A recently released audiovisual sampler, How Sweet It Was: The Sights and Sounds of Gospel's Golden Age, deserves a soulful salute.
When Michael Bennet starts talking about addressing the 21st century job market using innovations he himself concocted, Coloradans and the nation should start to worry.
It may seem like a time for the sharpening of sticks and for aiming them at BP, but that reduces a situation that calls for serious and deep national self-examination.
Aren't Pinnacol's actions exactly the kind of gift voters banned when they passed Amendment 41 in 2006? The answer is no.
While the movement fashioned its image to reflect the Boston Tea Party, it more resembles the Alice in Wonderland Tea Party, full of paradoxes, naivety, hypocrisy and conundrums.
It would be incorrect and irresponsible to label all opponents of immigration reform bigots.
Latinos are losing a potent presence in Colorado higher education. The University of Colorado Law School is saluting Lorenzo Trujillo with a farewell gathering today.
Earlier this month, a Boulder Catholic school created a stir when it expelled a student whose parents are lesbians. The Catholic hierarchy should be quicker to kick out wayward priests rather than children.
For the first time in decades, Denver County was the fastest-growing county in the metro area, clocking in at an estimated 610,000 residents.
Before Paul Rodriguez called me yesterday, I expected the interview to be nothing more than a typical publicity plug for his stint this weekend at the Denver Improv.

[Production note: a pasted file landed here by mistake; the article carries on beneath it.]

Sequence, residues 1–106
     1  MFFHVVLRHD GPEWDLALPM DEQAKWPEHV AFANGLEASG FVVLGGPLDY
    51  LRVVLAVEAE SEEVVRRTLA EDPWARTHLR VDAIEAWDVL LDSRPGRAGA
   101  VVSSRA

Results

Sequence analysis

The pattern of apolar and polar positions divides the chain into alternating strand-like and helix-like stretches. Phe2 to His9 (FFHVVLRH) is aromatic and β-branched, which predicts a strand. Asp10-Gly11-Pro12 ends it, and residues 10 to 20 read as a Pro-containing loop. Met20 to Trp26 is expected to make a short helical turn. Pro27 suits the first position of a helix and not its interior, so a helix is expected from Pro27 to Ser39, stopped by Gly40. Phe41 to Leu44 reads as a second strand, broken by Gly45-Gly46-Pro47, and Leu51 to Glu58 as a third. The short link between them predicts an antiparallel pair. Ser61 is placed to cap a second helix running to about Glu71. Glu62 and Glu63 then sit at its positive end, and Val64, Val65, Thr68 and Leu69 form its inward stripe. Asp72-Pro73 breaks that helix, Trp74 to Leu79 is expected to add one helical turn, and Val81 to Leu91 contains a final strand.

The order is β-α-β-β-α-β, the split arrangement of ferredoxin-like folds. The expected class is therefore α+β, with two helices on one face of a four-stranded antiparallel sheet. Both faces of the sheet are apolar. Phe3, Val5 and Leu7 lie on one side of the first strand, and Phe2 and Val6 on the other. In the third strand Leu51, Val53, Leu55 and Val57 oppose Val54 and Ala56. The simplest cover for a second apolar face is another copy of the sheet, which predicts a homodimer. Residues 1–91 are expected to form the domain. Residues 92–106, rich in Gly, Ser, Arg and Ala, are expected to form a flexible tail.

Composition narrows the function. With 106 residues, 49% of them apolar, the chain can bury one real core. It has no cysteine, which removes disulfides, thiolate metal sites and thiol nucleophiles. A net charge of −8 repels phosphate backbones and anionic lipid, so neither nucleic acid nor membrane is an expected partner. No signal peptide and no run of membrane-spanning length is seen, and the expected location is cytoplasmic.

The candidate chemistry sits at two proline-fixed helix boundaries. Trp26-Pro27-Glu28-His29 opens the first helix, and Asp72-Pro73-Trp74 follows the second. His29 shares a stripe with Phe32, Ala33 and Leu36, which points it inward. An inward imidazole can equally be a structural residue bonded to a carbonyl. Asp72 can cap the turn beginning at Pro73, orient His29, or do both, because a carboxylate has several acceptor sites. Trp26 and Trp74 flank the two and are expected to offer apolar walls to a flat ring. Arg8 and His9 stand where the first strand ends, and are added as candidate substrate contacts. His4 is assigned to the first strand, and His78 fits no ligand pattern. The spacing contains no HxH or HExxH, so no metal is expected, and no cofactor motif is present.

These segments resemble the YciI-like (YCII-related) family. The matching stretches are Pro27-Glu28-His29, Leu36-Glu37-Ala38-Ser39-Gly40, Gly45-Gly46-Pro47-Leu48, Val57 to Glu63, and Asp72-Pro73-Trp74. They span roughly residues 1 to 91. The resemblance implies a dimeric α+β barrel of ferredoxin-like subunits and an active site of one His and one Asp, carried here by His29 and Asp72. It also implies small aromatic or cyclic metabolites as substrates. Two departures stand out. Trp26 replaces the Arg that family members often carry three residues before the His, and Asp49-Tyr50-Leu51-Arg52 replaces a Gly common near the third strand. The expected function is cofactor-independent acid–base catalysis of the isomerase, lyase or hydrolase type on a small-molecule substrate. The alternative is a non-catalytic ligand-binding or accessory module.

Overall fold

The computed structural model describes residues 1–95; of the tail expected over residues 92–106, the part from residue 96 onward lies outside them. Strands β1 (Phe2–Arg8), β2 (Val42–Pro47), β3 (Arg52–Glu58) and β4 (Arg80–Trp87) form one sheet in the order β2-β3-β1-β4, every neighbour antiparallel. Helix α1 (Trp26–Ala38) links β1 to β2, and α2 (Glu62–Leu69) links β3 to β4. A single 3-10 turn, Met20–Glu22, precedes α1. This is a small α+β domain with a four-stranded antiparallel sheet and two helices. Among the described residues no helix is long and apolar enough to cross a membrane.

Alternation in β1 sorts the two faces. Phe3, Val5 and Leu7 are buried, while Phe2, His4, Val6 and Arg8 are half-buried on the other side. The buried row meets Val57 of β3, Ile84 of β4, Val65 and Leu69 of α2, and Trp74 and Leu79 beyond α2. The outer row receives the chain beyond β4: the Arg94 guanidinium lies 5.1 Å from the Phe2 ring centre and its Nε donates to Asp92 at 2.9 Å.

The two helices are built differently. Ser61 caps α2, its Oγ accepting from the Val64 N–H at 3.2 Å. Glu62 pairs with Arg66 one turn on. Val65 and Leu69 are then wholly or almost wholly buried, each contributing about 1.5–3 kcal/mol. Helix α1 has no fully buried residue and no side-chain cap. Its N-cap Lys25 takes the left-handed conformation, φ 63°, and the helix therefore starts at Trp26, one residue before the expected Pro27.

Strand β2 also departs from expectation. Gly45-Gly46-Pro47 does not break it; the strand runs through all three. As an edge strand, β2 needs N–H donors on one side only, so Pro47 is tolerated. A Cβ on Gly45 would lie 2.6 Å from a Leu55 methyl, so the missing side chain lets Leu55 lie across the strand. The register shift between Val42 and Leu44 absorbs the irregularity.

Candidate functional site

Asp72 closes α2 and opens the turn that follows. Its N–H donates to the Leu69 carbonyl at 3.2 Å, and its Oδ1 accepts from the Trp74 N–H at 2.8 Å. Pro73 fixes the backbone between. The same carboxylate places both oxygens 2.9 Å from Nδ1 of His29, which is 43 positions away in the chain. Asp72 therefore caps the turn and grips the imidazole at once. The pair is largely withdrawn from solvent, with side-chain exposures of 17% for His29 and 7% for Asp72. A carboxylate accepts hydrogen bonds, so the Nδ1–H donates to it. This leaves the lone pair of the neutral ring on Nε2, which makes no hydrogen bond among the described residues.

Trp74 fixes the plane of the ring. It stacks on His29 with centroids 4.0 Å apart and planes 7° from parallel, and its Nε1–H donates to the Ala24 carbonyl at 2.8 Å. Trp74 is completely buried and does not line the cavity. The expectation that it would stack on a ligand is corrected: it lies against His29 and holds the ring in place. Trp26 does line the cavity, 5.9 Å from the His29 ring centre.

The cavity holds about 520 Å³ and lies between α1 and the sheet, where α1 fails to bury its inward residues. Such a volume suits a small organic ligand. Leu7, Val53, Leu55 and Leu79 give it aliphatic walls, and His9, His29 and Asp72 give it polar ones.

John Edward's downfall -- not merely from a political summit, but from the ideological pedestal he'd occupied -- has left his former supporters feeling nearly as betrayed as his wife.
A new book from the Colorado Society of Hispanic Genealogy presents an overarching vista of the Hispanic culture on American soil that predates the Mayflower's landing at Plymouth Rock.
Brown's victory over Martha Coakley is stupendous. And all the other adjectives that are flashing across Internet headlines -- epic, stunning, shocking, upset of a lifetime.
Now that Colorado Gov. Bill Ritter won't run for reelection, it's likely some Democrats will worry that his recusal from the upcoming race portends a dismal, even disastrous, election this fall.
Limiting immigration to the U.S. isn't going to solve the economic circumstances that surround it. Nor will containing immigration replenish or sustain the world's limited and vanishing resources.
What was a bad situation in August has turned into a downright scary one now. But I'm told that freaking out and assuming the fetal position is not a sound fiscal strategy.